Sham Contracting – is it really a big issue? The Federal Government recently announced that the Fair Work Ombudsman will receive $2.3 million each year for the next four years to establish a unit dedicated to addressing the problem so yes, it is considered a major problem. But what is sham contracting and how do you make sure your business isn’t involved in it?
SHAM CONTRACTOR OR GENUINE EMPLOYEE?
Independent contractors are a necessary requirement for many businesses and are a legal option that employers are entitled to utilise. It’s when an employer starts to treat a genuine employee as an independent contractor when they’re not that a business can face trouble with the FWO. Unfortunately, there are less ethical employers that will deliberately institute sham contracting agreements as a way of avoiding obligations in relation to paying employee entitlements. Some employers may institute the process innocently thinking they are doing the right thing. Either way, it will be deemed illegal as the Fair Work Act 2009 states that an employer must not:
WHAT’S THE DIFFERENCE?
How do you know the difference between an employee and an independent contractor? Well there are some common factors that may contribute to determining whether a person is an employee or independent contractor:
Source: Fair Work Ombudsman
A TWO YEAR UBER RIDE
Just over a week ago, the Fair Work Ombudsman ruled that Uber drivers were not employees which means that drivers are deemed to be running their own businesses according to the ATO. This investigation into Uber was established to determine whether or not it was guilty of sham contracting. It took two years with the FWO ultimately finding that the relationship between Uber and its drivers was not characterised as an employment relationship. One of the key factors in the decision was that for an employment relationship to exist, “the courts have determined that there must be, at a minimum, an obligation for an employee to perform work when it is demanded by the employer.” The FWO decided this obligation was not present in the case of Uber and it’s drivers.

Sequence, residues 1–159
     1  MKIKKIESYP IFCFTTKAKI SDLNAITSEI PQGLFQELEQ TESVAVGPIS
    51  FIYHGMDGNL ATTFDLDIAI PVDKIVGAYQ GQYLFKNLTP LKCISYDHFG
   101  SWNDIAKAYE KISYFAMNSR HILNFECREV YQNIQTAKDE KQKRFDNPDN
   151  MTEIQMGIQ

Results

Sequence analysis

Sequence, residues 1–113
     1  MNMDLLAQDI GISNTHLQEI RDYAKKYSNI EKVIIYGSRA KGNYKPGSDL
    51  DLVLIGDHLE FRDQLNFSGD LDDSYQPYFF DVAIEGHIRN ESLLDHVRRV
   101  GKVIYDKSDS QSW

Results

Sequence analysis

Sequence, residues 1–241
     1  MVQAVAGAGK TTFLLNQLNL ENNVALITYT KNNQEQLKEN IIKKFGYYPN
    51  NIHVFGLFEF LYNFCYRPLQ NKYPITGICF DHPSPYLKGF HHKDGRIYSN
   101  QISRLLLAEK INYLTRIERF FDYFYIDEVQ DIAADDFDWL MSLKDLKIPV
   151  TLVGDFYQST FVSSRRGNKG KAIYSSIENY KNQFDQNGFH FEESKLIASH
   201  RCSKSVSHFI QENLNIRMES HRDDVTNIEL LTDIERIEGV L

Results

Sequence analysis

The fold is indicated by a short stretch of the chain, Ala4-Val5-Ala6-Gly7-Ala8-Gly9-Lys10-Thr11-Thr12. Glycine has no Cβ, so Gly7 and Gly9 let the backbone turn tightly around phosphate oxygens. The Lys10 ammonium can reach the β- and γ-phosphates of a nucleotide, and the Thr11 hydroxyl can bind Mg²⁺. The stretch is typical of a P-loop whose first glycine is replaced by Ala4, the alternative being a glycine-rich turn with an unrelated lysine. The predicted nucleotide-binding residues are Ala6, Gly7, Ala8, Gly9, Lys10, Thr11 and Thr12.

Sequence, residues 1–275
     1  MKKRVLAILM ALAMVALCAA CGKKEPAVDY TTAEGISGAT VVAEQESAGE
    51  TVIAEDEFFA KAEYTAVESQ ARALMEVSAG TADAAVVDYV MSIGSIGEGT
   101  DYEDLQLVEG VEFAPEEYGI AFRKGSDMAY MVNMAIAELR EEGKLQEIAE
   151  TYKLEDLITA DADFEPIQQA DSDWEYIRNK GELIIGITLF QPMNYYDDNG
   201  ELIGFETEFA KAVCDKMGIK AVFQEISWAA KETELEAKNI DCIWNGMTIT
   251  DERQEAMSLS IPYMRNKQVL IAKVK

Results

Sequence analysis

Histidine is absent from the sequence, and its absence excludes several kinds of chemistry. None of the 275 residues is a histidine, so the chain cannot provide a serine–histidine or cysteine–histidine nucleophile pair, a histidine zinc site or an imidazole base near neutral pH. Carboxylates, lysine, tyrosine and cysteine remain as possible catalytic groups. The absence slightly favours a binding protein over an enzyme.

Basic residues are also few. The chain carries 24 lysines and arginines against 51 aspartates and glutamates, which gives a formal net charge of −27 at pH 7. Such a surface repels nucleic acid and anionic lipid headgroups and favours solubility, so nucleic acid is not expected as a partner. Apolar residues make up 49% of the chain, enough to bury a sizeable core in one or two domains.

Criticisms by Uber drivers and union officials aside, this decision has wide reaching ramifications for Uber in that they will not be required to pay workers entitlements such as minimum wage, annual leave, superannuation and sick leave regardless of the hours they spend on the job each day. Additionally, Uber drivers will have unfair dismissal cases rejected as this avenue will not be open to them as independent contractors. And whilst this decision is based solely on Uber, it does set a framework for the ‘gig economy’ industry meaning many more workers will not have employee protections.
Consider the ramifications had the FWO determined that the drivers were in fact employees. Uber would have been liable for all outstanding employee benefits and would have been exposed to significant fines – up to $12,600 for individuals per contravention and up to $63,000 for a company per contravention. Ouch!
Ensuring you understand the difference between an employee and a legitimate contractor is vital to protecting your business and meeting your employer obligations. If you are unsure as to the status of your employees or want to ensure you have the correct employment contracts in place, please contact the HR Staff n’ Stuff team – we are here to help when you need us.
The HR Staff n' Stuff team all contribute to our blogs. Enjoy the read!